Because philosophy is such a broad field, you can put a concentration in philosophy to a very wide range of uses. Some majors go on to do graduate work in philosophy, with a view to teaching philosophy in a college or university. But more go on to other careers: in law, public service, journalism, business, computer science, medicine, religion and the arts. There is strong statistical evidence that philosophy majors do very well on the admissions tests required for graduate work in other areas.
The study of philosophy helps its students to develop their ability to analyze and clarify ideas, to think logically, and to present their ideas and arguments effectively, both orally and in writing. Because philosophers have historically focused on the most difficult and abstract questions, they have cultivated a standard of expository clarity and rigor rarely stressed so emphatically elsewhere. These abilities are useful in many occupations. Moreover, the development in recent years of the study of ethics in medicine, business, law, and environmental studies, has encouraged the use of philosophy as a preparation for these enterprises. It makes sense to study philosophy for many professional reasons, not only to learn to teach it to the next generation.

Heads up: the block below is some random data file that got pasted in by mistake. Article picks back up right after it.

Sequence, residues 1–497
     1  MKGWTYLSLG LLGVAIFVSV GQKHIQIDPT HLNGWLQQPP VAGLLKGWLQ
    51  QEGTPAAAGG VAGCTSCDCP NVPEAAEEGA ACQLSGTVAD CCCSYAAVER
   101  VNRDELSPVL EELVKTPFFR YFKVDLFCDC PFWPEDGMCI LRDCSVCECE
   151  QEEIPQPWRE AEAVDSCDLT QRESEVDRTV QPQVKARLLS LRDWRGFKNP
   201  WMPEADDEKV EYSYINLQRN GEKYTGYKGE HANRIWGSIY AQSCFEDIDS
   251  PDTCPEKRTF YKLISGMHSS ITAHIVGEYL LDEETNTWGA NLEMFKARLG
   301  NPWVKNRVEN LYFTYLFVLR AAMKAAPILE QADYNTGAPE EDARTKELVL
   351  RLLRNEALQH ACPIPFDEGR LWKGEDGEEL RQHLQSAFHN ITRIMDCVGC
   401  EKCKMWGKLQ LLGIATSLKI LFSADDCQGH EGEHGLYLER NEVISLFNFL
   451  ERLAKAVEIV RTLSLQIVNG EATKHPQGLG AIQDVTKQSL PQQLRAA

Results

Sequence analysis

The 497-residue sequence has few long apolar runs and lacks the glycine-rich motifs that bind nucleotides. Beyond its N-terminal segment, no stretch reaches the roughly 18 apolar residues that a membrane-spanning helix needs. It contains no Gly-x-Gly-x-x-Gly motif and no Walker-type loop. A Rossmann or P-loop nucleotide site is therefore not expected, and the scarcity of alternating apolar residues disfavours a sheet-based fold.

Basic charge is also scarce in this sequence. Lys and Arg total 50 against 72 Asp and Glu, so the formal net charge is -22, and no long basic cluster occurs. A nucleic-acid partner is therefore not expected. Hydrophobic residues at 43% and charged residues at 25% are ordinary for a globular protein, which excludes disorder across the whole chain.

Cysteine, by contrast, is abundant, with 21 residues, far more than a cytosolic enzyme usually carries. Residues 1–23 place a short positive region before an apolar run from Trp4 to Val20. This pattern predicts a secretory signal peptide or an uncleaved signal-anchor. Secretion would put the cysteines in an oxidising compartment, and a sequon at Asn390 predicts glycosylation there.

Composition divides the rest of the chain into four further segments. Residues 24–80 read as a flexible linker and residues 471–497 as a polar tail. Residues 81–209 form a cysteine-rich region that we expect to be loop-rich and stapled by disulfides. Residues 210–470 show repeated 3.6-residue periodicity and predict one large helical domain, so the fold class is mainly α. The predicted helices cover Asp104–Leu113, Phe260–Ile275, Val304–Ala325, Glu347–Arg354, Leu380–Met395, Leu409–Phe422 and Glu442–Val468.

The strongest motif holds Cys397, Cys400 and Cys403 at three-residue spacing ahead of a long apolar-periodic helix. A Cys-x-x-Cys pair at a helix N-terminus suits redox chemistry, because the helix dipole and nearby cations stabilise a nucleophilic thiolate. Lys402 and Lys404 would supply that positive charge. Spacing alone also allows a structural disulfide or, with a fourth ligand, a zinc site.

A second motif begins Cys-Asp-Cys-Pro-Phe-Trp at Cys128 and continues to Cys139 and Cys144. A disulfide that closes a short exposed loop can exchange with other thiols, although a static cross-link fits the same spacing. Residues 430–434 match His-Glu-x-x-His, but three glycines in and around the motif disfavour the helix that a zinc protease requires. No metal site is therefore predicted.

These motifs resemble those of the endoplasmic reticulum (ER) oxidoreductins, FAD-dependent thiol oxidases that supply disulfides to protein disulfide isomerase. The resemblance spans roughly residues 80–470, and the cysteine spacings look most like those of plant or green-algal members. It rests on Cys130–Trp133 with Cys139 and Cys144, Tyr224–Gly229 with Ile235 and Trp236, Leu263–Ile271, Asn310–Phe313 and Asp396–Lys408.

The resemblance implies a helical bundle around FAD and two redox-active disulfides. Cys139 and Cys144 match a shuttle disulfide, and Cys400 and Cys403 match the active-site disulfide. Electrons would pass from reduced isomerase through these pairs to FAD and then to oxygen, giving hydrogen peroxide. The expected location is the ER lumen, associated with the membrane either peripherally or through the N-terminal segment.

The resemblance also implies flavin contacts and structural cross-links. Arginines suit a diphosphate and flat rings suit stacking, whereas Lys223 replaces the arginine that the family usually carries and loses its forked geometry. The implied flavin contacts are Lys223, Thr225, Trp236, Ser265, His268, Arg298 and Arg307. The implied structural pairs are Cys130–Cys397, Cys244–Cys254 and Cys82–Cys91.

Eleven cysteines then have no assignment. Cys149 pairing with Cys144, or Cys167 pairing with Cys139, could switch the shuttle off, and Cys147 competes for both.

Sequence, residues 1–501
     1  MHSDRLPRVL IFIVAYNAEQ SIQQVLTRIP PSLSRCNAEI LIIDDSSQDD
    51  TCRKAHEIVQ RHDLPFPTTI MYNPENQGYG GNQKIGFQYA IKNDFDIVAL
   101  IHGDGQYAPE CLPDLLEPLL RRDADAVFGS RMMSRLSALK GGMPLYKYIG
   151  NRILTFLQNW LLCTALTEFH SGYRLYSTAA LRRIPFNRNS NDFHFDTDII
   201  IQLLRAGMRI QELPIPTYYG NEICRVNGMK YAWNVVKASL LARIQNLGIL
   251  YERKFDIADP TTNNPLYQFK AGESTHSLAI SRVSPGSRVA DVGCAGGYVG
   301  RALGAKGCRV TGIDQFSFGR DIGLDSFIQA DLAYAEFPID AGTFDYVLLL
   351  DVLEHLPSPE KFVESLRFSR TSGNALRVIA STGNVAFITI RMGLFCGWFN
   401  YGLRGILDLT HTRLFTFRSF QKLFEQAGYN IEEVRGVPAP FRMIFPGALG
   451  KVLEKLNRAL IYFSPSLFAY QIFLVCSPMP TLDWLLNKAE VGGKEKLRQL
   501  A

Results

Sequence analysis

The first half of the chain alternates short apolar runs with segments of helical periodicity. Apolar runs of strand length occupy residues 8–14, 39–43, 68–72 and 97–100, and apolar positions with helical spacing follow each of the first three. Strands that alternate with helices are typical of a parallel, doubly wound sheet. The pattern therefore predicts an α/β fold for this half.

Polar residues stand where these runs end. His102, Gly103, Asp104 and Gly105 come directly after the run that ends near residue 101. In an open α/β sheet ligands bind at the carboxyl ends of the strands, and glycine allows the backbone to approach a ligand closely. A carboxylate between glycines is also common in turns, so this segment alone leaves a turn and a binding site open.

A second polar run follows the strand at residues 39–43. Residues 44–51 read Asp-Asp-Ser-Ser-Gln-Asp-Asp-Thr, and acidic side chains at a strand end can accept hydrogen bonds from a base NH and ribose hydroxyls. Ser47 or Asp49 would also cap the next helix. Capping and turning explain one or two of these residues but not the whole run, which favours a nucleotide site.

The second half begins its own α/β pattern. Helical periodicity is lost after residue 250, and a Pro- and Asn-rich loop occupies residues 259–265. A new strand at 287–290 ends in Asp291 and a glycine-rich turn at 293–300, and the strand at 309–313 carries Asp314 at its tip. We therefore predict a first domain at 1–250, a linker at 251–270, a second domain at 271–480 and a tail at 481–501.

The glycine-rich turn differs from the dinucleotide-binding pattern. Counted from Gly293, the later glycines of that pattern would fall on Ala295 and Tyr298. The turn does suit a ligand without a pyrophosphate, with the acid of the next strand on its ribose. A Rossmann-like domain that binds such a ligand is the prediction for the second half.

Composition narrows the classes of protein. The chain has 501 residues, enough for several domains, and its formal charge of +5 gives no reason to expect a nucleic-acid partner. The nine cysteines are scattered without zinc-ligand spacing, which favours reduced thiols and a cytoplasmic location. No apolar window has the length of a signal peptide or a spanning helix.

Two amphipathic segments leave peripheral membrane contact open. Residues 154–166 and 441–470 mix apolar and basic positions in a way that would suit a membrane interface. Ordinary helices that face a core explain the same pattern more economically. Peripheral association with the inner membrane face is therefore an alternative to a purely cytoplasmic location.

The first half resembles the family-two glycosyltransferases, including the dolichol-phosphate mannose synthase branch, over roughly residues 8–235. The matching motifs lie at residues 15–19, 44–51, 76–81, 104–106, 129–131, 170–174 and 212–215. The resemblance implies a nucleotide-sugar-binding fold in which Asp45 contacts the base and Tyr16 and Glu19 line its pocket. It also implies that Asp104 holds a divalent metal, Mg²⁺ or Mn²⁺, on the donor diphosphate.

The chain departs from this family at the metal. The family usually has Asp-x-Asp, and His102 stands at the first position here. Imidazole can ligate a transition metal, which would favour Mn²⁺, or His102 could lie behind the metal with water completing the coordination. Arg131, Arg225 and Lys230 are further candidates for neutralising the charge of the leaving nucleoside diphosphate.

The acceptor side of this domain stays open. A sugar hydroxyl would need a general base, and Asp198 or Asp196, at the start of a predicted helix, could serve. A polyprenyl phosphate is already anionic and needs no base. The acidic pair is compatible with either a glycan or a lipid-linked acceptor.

Philosophy can also be a way of inquiring into the concepts and methods of other disciplines you might be interested in, such as physics or anthropology or religion or the arts. Thus the concentration or a minor can be used as an adjunct to other studies. They can also be used by someone who is inclined not to become too specialized, as a way of investigating a wide variety of topics while at the same time pursuing a concentration.
Many of these advantages can, of course, be gained without concentrating in philosophy, by taking a minor, or simply by taking a number of courses in it.